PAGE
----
You’ve probably heard of pickleball, especially given its rising popularity in the United States and Canada, but you may be wondering what the big deal is about this relatively new fad. Pickleball is an awesome, low-impact sport that people of all ages can enjoy. It’s great exercise and great fun and it’s the perfect game for family get-togethers. Pickleball originated on Bainbridge Island, Washington, in 1965. It was the creation of three fathers — Joel Pritchard, Bill Bell and Barney McCallum — who needed to come up with something to keep the little ones entertained and out of their hair. Soon, however, it became popular among the adults and they ended up spending more time on the court than their children. “Frankly,” McCallum says, “the kids got pushed out.” Since its early days, pickleball has transformed from an ad- hoc game to a full-fledged sport, complete with official rules, equipment and leagues. Despite the more formal structure in place today, pickleball is incredibly easy to pick up and play. Investing in some paddles and balls won’t cost more than THE INCREDIBLE RISE OF PICKLEBALL A Sport for All Ages Becomes a Craze Among Older Adults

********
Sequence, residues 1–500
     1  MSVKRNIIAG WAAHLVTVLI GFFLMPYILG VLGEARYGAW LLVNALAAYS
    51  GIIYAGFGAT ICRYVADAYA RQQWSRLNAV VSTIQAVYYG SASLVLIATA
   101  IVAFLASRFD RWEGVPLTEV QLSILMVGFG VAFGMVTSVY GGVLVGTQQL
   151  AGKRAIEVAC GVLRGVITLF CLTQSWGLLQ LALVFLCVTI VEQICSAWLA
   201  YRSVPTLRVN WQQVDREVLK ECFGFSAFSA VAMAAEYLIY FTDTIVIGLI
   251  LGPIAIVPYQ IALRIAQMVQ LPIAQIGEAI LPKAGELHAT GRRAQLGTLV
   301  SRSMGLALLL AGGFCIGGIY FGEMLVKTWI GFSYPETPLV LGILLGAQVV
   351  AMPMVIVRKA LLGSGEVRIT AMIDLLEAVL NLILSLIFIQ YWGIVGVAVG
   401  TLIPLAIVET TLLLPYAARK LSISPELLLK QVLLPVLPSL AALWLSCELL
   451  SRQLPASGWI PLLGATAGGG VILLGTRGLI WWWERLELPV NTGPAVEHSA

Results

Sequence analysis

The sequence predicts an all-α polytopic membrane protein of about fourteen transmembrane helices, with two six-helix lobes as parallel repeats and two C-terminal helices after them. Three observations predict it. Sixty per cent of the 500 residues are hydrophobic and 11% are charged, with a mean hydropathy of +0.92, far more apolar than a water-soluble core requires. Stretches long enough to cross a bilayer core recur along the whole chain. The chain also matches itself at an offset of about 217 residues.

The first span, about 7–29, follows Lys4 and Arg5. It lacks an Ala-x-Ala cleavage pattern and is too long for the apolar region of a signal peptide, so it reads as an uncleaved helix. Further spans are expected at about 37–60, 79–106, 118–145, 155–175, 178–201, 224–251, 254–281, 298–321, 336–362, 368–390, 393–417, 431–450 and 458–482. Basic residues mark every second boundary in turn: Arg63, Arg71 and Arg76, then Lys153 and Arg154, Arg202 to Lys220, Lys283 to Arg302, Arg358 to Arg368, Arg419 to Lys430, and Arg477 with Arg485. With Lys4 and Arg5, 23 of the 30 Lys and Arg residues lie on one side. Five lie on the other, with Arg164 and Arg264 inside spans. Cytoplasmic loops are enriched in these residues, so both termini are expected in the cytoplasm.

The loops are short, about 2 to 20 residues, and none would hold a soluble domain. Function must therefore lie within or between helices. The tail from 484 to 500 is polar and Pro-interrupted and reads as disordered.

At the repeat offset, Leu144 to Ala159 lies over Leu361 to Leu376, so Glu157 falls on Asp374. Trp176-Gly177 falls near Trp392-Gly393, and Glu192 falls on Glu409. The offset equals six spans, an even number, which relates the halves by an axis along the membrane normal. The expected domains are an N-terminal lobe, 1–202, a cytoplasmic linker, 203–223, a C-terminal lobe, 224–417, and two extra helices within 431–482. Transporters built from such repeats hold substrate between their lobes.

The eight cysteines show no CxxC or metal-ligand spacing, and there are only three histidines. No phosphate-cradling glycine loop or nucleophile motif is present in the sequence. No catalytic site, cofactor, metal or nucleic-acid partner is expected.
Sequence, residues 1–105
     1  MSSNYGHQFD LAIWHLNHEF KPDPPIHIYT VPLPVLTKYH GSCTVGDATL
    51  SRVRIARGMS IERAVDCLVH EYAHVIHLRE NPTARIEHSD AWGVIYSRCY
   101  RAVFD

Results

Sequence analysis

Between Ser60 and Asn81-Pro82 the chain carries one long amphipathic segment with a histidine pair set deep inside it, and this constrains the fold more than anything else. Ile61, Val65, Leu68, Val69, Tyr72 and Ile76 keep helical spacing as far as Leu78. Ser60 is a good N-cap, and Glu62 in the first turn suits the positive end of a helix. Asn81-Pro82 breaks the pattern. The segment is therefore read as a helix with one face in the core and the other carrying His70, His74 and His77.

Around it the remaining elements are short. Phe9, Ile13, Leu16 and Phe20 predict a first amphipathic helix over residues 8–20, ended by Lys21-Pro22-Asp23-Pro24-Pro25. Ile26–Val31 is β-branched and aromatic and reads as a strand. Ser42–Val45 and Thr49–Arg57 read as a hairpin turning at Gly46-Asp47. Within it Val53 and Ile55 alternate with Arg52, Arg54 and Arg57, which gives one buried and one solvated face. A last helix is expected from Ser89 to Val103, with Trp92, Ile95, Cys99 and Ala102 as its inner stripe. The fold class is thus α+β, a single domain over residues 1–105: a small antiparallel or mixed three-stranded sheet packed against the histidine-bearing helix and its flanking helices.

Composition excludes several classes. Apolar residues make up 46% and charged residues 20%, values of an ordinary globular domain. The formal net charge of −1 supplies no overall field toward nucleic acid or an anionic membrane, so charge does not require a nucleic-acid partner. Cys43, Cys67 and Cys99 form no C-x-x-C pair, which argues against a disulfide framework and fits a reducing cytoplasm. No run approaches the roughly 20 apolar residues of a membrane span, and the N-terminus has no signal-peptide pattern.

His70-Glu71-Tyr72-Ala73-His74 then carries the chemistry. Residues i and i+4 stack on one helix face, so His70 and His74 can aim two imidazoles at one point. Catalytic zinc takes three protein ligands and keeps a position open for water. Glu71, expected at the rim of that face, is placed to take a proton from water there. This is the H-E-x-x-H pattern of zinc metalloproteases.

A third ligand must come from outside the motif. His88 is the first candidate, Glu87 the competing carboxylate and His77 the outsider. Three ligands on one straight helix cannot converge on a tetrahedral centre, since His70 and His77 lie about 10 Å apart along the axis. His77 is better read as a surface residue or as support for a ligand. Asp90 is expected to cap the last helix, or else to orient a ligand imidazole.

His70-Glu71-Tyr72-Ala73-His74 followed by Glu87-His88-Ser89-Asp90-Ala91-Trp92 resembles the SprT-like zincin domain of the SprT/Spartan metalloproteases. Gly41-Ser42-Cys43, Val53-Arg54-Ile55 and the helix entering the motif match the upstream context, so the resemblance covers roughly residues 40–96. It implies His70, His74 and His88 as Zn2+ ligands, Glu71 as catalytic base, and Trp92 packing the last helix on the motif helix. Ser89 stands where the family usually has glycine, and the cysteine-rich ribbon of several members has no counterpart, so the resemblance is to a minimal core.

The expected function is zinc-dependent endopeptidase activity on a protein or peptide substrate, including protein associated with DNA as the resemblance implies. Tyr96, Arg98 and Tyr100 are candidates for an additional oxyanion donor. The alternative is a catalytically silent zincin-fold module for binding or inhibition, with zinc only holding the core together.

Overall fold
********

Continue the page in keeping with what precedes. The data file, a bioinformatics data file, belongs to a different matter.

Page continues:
$100 and you can easily convert a tennis or badminton court for pickleball. One of the appeals of pickleball for older adults is that it is not excessively strenuous. It also doesn’t have the steep learning curve and high barrier to entry that sports like tennis or golf do. Due to the nature of a pickleball, which contains strategically placed holes similar to those of a whiffle ball, the game is much more about finesse than pure power or athleticism. While you can definitely hone your skills with practice, you’ll start having fun from day one. In addition to being a fun form of exercise, pickleball also offers older adults the chance to socialize with their peers. Leagues often lead to long-term friendships. Courts are small and each game consists of only four players, making it easy to engage in some casual conversation or playful, competitive banter between points.
If you’ve never picked up a paddle, consider joining a league or buying a set for your next family outing. You can introduce your grandkids to a fun new sport — and then school them for the bulk of an afternoon.